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Originally published November 24, 2009 at 12:18 AM | Page modified November 24, 2009 at 9:58 AM

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Big demand, grim outlook for state Basic Health Plan

Washington's popular — but financially pinched — Basic Health Plan now has the dubious distinction of having more people on the waiting list than are enrolled.

Seattle Times health reporter

Washington's popular — but financially pinched — Basic Health Plan now has the dubious distinction of having more people on the waiting list than are enrolled.

But the state's gaping $2.6 billion budget deficit is threatening to strip taxpayer-subsidized coverage from even the 65,000 current members. And a possible rescue of Basic Health championed by Sen. Maria Cantwell of Washington in the Senate health-care bill won't kick in until 2014, too late to avert potential cuts.

On Monday, Cantwell appeared at a community health clinic in Seattle's Chinatown International District with advocates working to protect Basic Health. Cantwell, a Democrat, serves on the Senate Finance Committee, a key player in shaping the health-care legislation being hammered out in Congress.

The Basic Health Plan is among a host of programs facing cutbacks or even potential elimination as Gov. Chris Gregoire works to draft a state budget to plug the $2.6 billion shortfall through July 2011.

Advocates fear that Basic Health, which provides steeply discounted health coverage for the working poor, may be particularly vulnerable because it's funded solely with state money and does not draw any matching federal dollars.

"We're planning for the worst," said Hiroshi Nakano, board chair of the nonprofit International Community Health Services (ICHS).

By law, ICHS and other federally qualified community clinics cannot turn away patients for lack of insurance. Nakano said more than 40 percent of ICHS' patients have coverage through Basic Health — the loss of which would hurt both the clinic and its patients. "Health care is the ultimate, 'Pay me now or pay me later,' " Nakano said.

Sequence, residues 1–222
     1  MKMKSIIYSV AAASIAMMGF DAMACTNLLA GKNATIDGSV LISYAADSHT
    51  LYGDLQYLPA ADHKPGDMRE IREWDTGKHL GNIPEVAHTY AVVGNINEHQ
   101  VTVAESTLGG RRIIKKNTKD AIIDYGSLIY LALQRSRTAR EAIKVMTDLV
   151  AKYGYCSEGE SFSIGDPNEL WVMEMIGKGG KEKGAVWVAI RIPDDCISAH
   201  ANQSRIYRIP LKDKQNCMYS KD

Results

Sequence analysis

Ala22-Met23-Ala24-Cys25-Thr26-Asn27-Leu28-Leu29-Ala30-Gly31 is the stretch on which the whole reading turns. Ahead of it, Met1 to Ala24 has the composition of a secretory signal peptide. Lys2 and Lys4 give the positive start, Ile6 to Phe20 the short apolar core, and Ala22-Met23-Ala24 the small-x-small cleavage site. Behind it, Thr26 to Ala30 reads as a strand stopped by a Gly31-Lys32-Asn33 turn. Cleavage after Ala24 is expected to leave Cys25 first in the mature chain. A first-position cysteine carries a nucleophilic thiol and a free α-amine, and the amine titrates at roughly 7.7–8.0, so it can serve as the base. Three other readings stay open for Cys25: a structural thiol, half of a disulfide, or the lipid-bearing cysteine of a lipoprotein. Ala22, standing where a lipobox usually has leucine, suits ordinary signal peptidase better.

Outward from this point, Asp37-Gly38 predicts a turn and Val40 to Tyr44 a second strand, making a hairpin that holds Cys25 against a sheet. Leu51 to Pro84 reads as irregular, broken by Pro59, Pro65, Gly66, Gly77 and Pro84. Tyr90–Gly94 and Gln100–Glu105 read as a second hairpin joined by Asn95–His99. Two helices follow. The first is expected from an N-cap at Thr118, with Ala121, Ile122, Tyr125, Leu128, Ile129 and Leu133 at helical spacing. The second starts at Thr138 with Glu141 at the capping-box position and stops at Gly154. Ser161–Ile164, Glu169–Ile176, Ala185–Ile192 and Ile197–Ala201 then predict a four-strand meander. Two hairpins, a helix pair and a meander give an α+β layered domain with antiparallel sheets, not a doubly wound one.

Budget cuts earlier this year already have forced the state to bump tens of thousands of people off Basic Health's rolls. Members now pay an average of $34 a month, with the state kicking in the remaining 85 percent of the premiums. Starting in January, members will have to pay an average of $60 a month, or 25 percent of the total cost.

Despite the planned premium increase, Basic Health has 80,000 applicants on a waiting list, said Preston Cody, who oversees the program for the Washington State Health Care Authority. If Gregoire, a Democrat, were to propose scrapping the entire program, it would free up $160 million during the rest of the biennial budget period.

Democrats, who control both the state House and Senate, are already talking about closing tax loopholes or raising certain taxes to help balance the budget. The Legislature convenes in January.

In Congress, Cantwell has inserted an amendment in the Senate bill that would allow Washington and other states to collect federal dollars to provide health coverage to families earning between 133 percent and 200 percent of the poverty level ($24,350 to $36,620 a year for a three-person household). The measure was modeled after the Basic Health Plan and meant to enable states to purchase coverage from commercial health insurers.

Cantwell said Monday that she would favor raising the income eligibility for Basic Health-like plans to 300 percent of the poverty level. For higher-income people, both the Senate and the House health-care bills call for allowing them to buy coverage through a public plan sold directly by the government.

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Cantwell, a former state legislator, noted that Basic Health for two decades enjoyed strong support from both Democrats and Republicans.

And she lamented that any national health-care overhaul won't provide an immediate fix for the state plan.

"No one ever touched the Basic Health Plan," Cantwell said. But thanks to the recession, "it's now on the chopping block."

Kyung Song: 206-464-2423 or ksong@seattletimes.com

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